Time in Zagreb always affects me differently. Sometimes I feel calm, sometimes I feel nostalgic, sometimes sad. Other times I just can’t wait to leave. Regardless of my own mood, something unexpected always happens. Like that one time my colleagues sent me flowers when my dad was in a hospital. Or that one text from my ex which ended up with the two of us getting high, surrounded by kids’ toys, in the same room where we used to make out. Or most recently – an unexpected encounter with my former best friend that I thought I would never see again.
Ending a friendship takes a longer time to recover from than it does from a breakup.
Breakups are messy, emotional, intense. They hurt badly and they hurt instantly. But exactly for those reasons the recovery can start immediately. Every day you breathe a little easier, cry a little less and eventually the pain is gone. On the other hand, when a friendship ends, the cut is rarely so clear. The lingering starts. All the memories, all the things you’ve been through remain untampered with, not ruined by an emotional trauma. You revisit them often, you remember the good times, you spend a few more moments with the person before returning to reality.
Eventually, memories are all that is left. The person who was once the closest to you is now merely a cloudy image in your ageing mind.
I had a best friend once. At 16/17 we went through a lot of things together, things authors of Hollywood shows wouldn’t be ashamed of. School, first relationships, breakups, illnesses, eating disorders, successes, failures – whatever happened, we were there for each other. My friend stood by me in some of the darkest hours of my life. Until one day he figured he didn’t need me anymore. When an obstacle emerged, he was so convinced that I am working against him and want to sabotage him, that it stopped making any sense. At times, I felt I was talking to a paranoid person.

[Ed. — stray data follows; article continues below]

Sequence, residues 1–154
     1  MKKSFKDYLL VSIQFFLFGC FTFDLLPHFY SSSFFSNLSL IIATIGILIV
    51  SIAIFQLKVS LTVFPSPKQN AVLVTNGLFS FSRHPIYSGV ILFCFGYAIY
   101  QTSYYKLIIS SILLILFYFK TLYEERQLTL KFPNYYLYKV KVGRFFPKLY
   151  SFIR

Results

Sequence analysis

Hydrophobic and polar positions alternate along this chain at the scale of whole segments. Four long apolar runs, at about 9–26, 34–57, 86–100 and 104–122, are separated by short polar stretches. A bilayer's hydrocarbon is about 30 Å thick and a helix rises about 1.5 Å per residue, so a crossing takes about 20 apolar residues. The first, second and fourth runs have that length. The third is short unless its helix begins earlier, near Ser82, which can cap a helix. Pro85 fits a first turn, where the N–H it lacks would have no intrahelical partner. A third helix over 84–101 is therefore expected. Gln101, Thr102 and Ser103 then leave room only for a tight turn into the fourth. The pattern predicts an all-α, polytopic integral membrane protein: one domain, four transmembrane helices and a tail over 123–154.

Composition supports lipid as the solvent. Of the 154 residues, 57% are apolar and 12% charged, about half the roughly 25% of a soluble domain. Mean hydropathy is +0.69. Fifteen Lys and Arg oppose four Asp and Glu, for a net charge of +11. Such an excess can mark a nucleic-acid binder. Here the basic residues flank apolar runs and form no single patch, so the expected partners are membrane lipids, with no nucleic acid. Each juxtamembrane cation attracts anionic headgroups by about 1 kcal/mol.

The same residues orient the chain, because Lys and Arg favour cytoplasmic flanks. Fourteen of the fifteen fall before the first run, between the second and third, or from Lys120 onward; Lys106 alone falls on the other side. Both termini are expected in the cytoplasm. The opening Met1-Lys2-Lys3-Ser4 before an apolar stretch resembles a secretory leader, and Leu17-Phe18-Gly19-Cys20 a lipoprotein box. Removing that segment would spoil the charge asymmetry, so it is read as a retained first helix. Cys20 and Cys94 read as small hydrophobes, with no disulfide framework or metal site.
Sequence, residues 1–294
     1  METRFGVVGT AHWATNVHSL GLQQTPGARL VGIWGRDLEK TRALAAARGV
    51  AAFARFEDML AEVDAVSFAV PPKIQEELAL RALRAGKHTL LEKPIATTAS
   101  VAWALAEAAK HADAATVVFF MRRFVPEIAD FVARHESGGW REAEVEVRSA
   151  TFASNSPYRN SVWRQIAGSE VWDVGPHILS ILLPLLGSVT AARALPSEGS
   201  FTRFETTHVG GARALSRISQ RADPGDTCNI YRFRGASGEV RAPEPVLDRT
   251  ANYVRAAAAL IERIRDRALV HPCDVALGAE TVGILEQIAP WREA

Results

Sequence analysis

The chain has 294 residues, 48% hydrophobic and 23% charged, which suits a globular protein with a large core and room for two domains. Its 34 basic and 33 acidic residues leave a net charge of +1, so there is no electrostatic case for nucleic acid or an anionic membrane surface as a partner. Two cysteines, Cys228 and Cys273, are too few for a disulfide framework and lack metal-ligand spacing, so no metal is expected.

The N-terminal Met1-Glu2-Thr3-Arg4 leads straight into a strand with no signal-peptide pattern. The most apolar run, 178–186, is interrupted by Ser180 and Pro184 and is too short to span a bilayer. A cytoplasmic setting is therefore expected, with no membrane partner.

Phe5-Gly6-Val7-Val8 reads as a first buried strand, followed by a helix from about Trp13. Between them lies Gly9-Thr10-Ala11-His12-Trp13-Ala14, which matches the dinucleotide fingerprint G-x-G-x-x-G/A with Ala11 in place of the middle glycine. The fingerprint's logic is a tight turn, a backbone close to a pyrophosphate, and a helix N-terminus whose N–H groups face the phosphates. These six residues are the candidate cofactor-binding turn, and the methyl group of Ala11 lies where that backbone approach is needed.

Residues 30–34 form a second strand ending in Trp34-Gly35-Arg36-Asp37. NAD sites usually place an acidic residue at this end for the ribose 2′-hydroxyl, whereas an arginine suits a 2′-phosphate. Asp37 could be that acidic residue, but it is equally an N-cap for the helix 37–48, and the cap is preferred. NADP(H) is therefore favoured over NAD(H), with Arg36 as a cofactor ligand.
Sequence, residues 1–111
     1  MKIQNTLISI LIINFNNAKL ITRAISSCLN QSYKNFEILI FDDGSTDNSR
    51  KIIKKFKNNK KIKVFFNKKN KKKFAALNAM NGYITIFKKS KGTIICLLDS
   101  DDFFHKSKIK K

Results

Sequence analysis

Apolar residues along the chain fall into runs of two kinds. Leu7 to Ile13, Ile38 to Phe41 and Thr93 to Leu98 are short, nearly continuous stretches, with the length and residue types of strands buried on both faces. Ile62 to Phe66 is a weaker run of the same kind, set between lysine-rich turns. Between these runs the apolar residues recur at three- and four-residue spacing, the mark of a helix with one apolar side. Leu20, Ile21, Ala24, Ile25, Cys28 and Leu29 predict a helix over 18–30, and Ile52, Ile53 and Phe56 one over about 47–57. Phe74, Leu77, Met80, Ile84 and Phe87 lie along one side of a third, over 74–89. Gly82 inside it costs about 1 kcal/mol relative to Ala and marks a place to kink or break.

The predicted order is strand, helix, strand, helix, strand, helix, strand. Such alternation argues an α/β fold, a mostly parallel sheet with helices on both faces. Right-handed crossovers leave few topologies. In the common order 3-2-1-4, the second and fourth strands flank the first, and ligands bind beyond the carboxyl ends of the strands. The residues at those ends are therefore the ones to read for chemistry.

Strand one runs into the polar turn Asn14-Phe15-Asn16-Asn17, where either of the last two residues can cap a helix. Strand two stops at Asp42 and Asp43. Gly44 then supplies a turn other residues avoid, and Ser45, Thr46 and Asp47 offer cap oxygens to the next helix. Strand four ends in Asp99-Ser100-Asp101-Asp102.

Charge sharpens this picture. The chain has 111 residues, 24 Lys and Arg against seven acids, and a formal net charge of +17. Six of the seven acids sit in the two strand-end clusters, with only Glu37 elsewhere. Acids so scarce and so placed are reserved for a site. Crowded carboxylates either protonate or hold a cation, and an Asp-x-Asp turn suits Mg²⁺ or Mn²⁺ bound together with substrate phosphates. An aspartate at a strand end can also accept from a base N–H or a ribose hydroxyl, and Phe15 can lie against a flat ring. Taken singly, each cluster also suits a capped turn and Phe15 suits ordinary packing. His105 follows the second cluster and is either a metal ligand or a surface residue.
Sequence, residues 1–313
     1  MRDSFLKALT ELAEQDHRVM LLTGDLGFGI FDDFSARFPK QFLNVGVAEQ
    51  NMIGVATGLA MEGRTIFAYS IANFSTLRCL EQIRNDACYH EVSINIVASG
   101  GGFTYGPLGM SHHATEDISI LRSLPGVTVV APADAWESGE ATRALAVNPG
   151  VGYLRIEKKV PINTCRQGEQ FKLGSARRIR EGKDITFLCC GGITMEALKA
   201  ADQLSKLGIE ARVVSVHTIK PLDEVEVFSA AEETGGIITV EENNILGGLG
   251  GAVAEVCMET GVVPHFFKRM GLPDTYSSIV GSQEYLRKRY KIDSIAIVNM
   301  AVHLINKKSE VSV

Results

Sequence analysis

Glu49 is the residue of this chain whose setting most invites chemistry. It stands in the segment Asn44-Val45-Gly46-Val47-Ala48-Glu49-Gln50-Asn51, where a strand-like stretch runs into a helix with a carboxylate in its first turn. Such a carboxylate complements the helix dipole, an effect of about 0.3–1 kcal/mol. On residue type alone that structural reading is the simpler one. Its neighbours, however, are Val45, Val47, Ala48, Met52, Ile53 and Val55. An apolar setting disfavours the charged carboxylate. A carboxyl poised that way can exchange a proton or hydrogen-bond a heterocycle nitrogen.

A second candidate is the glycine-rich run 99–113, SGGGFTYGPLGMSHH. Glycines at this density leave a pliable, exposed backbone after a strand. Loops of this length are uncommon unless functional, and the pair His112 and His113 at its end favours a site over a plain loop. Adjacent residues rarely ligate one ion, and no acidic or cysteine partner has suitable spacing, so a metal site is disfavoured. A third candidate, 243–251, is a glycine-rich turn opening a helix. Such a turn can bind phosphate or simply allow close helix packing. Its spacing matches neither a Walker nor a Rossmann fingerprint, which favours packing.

I was crying as I was reading a text that said never to contact him again.
It was May 20th 2007, the day after my birthday. I put the phone down and did what I was told – I never contacted him again. Maybe I should have. Maybe I should have fought harder and not be so stubborn. Maybe I should have listened more. Maybe I could have shown him I was by his side. Maybe. But as always in life – in a given moment, I did the best I could.
Fast forward 13 years, and I ran into him at the most unexpected place.
In a smoke-filled nightclub, in the first moments of the new year, I spotted a face I thought I never would see again. This was the first NYE I spent in Zagreb since I left 6 years ago. More ironically, I was with a person I’ve been referring to as my best friend for the past 10 years. Someone who I’ve also been through a lot, but on a completely different level. After an initial shock and a few polite sentences, we hugged. You know, like old friends do. Like the digits on the wall got somehow mixed up and the year was 2002, not 2020. Like old friends do, we met for a coffee a few days later and talked for over 3 hours.
It’s a weird one – someone you were so close with that the two of you can talk like nothing has changed, while at the same time EVERYTHING has changed.
And it is what it is, we are where we are, with all the steps behind us that have led us here. Maybe it’s a new beginning. Maybe it is closure. Perhaps it’s neither. Whatever the future brings, maybe this time we’ll be smarter.